Calculating the Added Value of a Roth
If the maximum Roth contribution was 1/3 more valuable (more or less depending on the employee's marginal income tax rate) than the traditional 401k, almost every plan sponsor would add optional Roth accounts. But the value equation is more complicated than this. A $15,000 Roth contribution, still using our 33.3% marginal tax rate, is the equivalent of a $22,500 traditional contribution. But since contributions are limited to $15,000 ($20,000 with make up contributions for employees over age 50) a traditional 401k contribution provides the employee with $5,000 (the after-tax value of the $7,500 that $15,000 is less than $22,500) to invest outside the plan.
Because of this, a fair comparison of the Roth advantage must now look at the tax impacts of three kinds of investments -- Roth, traditional salary reduction, and investments outside the 401k plan. Still, a simple formula can be used to show the net Roth advantage at various tax rates.1 While Sentinel has developed a model to help our clients look at the participant impact at any combination of current and distribution tax rates, the following formula calculates the Roth advantage at a constant tax rate. The formula also assumes that all non-plan gains are eligible for favorable long term capital gains tax treatment.
Understanding this formula requires understanding only one basic principle: After-tax Roth contributions at the $15,000 §402(g) limit must be compared to a combination of pre-tax and after-tax contributions worth $22,500.
Most employees can make the traditional pre-tax 401k approach the equivalent of a Roth after-tax contribution simply by contributing an appropriately greater amount pre-tax. This equivalence is more than mathematical, it is also practical. An employee contributing money pre-tax can make a higher contribution with the same impact on take home pay because no current income taxes are paid to the government on pre-tax contributions.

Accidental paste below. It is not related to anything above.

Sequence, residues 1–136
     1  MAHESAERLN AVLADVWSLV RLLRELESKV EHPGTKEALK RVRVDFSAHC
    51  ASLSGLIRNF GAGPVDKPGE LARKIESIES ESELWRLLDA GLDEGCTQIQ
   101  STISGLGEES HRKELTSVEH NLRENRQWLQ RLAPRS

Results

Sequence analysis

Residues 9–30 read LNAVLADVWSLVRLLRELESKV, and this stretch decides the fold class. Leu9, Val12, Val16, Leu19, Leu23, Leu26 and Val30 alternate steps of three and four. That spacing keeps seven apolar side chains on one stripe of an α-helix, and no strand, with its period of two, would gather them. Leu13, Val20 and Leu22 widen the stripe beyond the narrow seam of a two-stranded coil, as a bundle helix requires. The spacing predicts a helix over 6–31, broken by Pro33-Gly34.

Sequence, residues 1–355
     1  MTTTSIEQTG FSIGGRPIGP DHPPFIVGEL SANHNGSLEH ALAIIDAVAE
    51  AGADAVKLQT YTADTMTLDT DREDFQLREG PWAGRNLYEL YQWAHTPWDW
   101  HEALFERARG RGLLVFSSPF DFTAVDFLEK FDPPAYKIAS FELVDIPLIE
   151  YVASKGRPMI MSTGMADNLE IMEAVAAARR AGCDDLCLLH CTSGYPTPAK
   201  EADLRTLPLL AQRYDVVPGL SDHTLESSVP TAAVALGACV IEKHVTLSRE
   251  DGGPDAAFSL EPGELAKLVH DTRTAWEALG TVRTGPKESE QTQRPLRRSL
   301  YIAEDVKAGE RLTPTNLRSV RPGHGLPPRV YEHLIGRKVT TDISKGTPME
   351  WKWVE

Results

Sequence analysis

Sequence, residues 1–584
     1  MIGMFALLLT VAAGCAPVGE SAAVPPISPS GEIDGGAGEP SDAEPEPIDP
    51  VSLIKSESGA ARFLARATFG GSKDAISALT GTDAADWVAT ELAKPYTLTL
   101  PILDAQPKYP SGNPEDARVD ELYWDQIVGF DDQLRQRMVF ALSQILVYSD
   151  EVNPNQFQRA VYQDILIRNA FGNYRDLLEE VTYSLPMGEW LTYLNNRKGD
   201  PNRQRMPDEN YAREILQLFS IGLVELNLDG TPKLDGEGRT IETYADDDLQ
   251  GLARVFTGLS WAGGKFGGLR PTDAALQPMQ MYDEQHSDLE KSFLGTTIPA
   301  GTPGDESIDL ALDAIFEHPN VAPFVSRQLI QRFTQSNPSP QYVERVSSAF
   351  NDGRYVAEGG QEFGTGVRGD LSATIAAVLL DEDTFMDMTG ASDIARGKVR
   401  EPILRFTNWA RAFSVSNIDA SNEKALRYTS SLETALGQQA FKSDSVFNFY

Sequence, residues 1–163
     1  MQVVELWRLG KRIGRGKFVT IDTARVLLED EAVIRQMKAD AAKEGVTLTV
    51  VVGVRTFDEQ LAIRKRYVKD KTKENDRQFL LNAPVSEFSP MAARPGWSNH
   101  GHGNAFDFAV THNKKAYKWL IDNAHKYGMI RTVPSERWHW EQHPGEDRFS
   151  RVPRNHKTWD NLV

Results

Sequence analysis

Benefit of Placing High Growth Investments in a Roth Account
A commonly asked question is this: "Isn't the fact that Roth investment growth is paid out tax free an advantage relative to the traditional 401k account?" This question is usually asked in the context of thoughts about asset allocation optimization.
The general idea is to put high potential growth investments, albeit those at the greatest risk, into the Roth account, while more conservative and lower return components of an individual's portfolio are put into a traditional 401k account. After all, the thinking goes: "If a $15,000 equity investment might grow to be worth a million dollars before I retire, shouldn't I put this investment into a Roth where all the growth can be paid out tax free? I can stay diversified by putting my more conservative fixed income investments into a traditional 401k account."
This hoped for asset allocation advantage is largely illusory, except for the important use of a Roth for eliminating distribution tax rate risk. Asset allocation generally can not be used to leverage the tax free aspect of the Roth account. The reason is intimately tied into the nature of the Roth account. Except at §402(g) limits, the tax sheltering power of an after-tax Roth can be matched in a traditional 401k just by contributing the real before-tax Roth amount into a pre-tax traditional account.
Accordingly, any advantage (except for managing the risk of changes to the distribution tax rate) to allocating high expected return investments to the tax free Roth account is offset because the taxable (pre-tax) traditional 401k account will generally be larger than the monies allocated through a Roth account.
Of course, the equilibrium point between traditional 401k and Roth 401k contributions is dynamic. It will change over an employee's career; and it will change based on other factors influencing expected distribution tax rates.
An employee may begin contributing to a 401k plan as a young employee when his or her marginal tax rate is 15% or 20%. At the time, there may a significant chance that the 401k account balance will be distributed in a lump sum on his changing jobs, or on buying a house -- long before retirement. Later, this same employee may be a high paid executive near retirement and with significant other executive deferred compensation as part of the picture.